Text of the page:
UNIVERSITY PARK — An unfamiliar environment and new faces usually challenge incoming freshmen at universities across the country.
But at Penn State, left fielder James Coates finds his Nittany Lion outfield spot, and campus, as a second home.
“Coming up ever since I was a little kid for the football games, just being around this environment and feeling the tradition and pride here, has always been a huge part of my life,” he said.
Coates is the son of former Penn State football player Jim Coates, a return specialist and wide receiver from 1984-87 under Joe Paterno, made a career 14 receptions for 129 yards and
two touchdowns, 89 punt returns for 569 yards and 52 kickoff returns for 1,138 yards for the Lions.
James Coates said he looks up to his father for support and advice and as a role model.
But he said his dad never pressured him to follow in his footsteps.
“My dad has pushed me my entire career to do everything better and always work harder,” Coates said. “I had other offers on the table and he never said you have to go to Penn State. He said go where you’re going to be happy and do what you want.”
Now, for Jim Coates, seeing his son play baseball at Penn State is a special thing to witness.
“The first time I came to see them play was when they scrimmaged Temple in the fall,” Jim Coates said in a phone call. “That was the first I saw him in a Penn State uniform, and that moment was a proud moment for me to see him wearing his school colors like I did.”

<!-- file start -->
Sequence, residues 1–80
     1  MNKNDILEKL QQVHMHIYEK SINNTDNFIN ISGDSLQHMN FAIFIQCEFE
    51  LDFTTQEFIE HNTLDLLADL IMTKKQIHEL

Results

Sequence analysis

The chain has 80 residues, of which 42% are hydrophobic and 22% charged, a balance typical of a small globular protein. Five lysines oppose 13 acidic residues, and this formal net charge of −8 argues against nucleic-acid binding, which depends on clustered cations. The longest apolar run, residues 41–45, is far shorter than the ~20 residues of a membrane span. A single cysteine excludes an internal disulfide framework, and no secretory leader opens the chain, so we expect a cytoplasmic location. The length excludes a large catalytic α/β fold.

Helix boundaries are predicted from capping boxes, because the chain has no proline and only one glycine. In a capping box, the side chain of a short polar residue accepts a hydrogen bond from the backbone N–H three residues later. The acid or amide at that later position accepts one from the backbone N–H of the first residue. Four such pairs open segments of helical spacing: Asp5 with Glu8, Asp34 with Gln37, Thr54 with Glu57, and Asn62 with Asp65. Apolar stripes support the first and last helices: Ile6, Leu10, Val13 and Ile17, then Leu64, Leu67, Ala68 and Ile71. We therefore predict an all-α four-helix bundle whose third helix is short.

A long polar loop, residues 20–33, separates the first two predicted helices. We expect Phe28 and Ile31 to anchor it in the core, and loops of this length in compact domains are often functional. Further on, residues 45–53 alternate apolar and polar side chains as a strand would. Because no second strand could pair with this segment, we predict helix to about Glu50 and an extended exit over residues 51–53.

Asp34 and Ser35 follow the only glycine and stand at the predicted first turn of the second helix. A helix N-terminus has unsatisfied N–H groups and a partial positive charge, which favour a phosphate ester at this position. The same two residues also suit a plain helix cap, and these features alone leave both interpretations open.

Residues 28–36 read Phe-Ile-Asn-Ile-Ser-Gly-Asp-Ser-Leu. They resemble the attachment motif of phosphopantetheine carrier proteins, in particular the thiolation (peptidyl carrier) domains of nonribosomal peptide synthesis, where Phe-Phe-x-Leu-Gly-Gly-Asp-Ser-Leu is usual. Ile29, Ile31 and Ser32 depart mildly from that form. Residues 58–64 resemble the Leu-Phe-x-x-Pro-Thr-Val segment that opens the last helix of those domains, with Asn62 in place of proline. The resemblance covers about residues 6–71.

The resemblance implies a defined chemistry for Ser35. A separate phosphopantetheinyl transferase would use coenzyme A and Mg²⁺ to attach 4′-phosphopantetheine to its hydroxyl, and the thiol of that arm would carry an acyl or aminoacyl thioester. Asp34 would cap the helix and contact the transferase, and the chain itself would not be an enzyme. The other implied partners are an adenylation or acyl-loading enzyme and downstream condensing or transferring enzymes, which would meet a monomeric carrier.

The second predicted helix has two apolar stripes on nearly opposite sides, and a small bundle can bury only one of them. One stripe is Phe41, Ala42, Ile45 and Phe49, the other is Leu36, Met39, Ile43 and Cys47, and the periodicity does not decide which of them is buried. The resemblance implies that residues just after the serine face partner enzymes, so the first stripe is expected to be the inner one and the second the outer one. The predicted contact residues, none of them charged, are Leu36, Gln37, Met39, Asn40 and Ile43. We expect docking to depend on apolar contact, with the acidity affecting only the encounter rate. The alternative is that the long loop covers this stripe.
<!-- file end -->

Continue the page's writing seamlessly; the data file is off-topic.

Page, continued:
On the baseball diamond, the Girard, Ohio, native has impressed.
In the opening weekend series against East Tennessee State in mid-February, Coates went 5- for-10, with two RBIs and two stolen bases. Since then, Coates has tapered off, hitting .259 with 6 RBIs in 16 games.
That has not deterred the Penn State coaching staff, which had high expectations for Coates coming into the season.
“I got a chance to see him play a bunch in high school and all fall, so I don’t know if we are surprised by it because we had big expectations coming into the spring of him, and I think he’s living up to those,” assistant coach Eric Folmar said. “He’s played extremely well and he’s a mature kid and works hard.”
It’s no easy task for a freshman to secure a starting left field spot. Their experience is a lot different than that of players who have been on the team for a few years, and playing college and high school ball is completely different.
Coates’ play in the fall and his adjustment to the college game in the spring has been seamless, and he is reaping the benefits.
Redshirt junior center fielder Steve Snyder said he knew right away that Coates has something special.
“He’s got speed definitely, one of the faster kids on the team,” Snyder said. “He shows some pop at bat, he’s consistent and gets hits with runners in scoring position.”
At John F. Kennedy High School (, Coates was seen as more of a power hitter. Since arriving in Happy Valley his role has changed.
“My role is to set the table, get things started and get on base,” Coates said. “That’s the role I’ve had to take. I like that role because my speed has always been an asset. I think that I’m in a good position to do what I do best, getting on base and scoring.”
The Nittany Lions are 5-11. Their home opener on Wednesday against Akron was pstponed because of the weather.
They open their Big Ten season on the road Friday against Indiana.
With the changes in the schedule, Penn State’s first home game is slated for March 27 against Pittsburgh at 6:05 p.m. at Medlar Field at Lubrano Park.
Tom Zulewski is a Penn State journalism student.